Ursula K. Le Guin
Rating: ★ ★ – – –
This book was only available in the Young Adult section of my library. And, after reading it, I can see why; this is definitely a book for teenagers.
As I’ve said before, I really enjoy some of Le Guin’s work, and then there are other books of hers that I don’t like so much. The books that I don’t like usually fall into one of two groups: those that are too dreamy and those that have too heavy-handed a Message. This book fell too far into both of these categories for me.
The Message in this book is that slavery is evil. (Which, of course, it is.) The story is about a young slave boy, Gavir, who has been brought up in a comparatively benevolent household. He is in denial, at first, about how bad it is to be a slave, because his life appears to be pretty good. His masters are not overtly cruel; he is able to live with his beloved sister, Sallo; and he gets to go to school with the master’s children because he’s being trained to be a teacher.
But eventually his little world starts falling apart and he begins questioning the system. He gets bullied by some of the less benevolent members of the household. His home gets invaded by another country. And the last straw is the awful murder of his sister, which finally makes him run away for good.
After he runs away, he lives in several different kinds of societies, including a city of freed men; a cave with a wild man of the hills; a camp of runaway slaves in the heart of the forest run by a megalomaniac misogynist; and the poor marshland settlements of his own people from whom he was stolen as a baby. From them all he is exposed to alternative governments and different attitudes towards women, work, war, and cooperation.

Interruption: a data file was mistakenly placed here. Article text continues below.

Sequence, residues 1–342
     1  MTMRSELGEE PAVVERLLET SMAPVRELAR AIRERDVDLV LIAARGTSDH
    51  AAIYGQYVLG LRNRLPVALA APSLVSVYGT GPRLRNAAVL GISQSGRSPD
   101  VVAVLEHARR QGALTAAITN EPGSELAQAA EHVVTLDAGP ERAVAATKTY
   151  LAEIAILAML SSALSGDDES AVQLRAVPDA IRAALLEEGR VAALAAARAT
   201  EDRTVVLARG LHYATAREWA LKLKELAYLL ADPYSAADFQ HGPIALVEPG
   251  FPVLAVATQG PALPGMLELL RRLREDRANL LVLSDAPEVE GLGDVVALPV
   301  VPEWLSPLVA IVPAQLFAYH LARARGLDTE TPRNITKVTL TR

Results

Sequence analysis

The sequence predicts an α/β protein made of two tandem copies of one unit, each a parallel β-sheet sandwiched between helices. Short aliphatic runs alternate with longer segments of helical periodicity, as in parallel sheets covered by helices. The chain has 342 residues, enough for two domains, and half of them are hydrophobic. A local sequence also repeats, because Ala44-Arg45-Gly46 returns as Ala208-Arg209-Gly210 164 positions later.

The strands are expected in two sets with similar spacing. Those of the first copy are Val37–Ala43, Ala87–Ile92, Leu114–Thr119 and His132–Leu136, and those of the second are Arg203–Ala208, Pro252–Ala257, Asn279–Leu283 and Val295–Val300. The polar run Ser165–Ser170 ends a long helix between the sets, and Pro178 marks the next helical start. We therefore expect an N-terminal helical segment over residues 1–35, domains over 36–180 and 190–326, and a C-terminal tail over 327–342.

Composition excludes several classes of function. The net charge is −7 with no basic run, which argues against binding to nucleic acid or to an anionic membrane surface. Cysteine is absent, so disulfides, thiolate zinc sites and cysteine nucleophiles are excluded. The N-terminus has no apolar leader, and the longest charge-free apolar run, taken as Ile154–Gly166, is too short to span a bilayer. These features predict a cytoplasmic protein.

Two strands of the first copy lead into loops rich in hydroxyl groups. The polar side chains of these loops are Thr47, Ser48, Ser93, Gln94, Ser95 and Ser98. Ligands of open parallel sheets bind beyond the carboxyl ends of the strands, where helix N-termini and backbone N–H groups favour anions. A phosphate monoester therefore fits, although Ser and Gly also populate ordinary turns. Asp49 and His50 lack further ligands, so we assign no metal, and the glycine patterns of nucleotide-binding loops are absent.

For those who track such things, Gavir’s story is the classic monomyth: he is born under mysterious circumstances, shows early evidence of supernatural abilities (he can see visions of the future), goes on a long journey or quest, encounters several father figures from whom he has to become independent, and has to have a showdown with an arch enemy to finally prove himself.
Anyway, the point, which, of course, Gavir eventually realizes after all of this, is that a cage is still a cage no matter how gilded it is. That slavery is an evil institution, however disguised it may be, and a limited freedom is no freedom at all.
This is all very well and good a message, but so obviously delivered.
And the characters are so black and white. Gavir and his sister are one hundred percent good, eager naïfs. They have unquestioning obedience to and reverence for their masters. They are hard-working and earnest. And the bad guys are uniformly awful bullies. And of course Gavir has to take their bullying without complaint and without retaliation because he’s just so earnest and good.
The story is also not all that exciting. Gavir's life really isn’t all that difficult most of the time. He is in physical danger maybe twice, and in an actual physical conflict a couple more times, but these situations are all generally over in about a minute. Even his escape from slavery is easy.
And all of the pivotal events in the book are instigated and resolved by external forces without any action on Gavir's part. He is swept along by events, not directing of them. Even his final showdown is won essentially passively, by natural forces, not by anything special he does.
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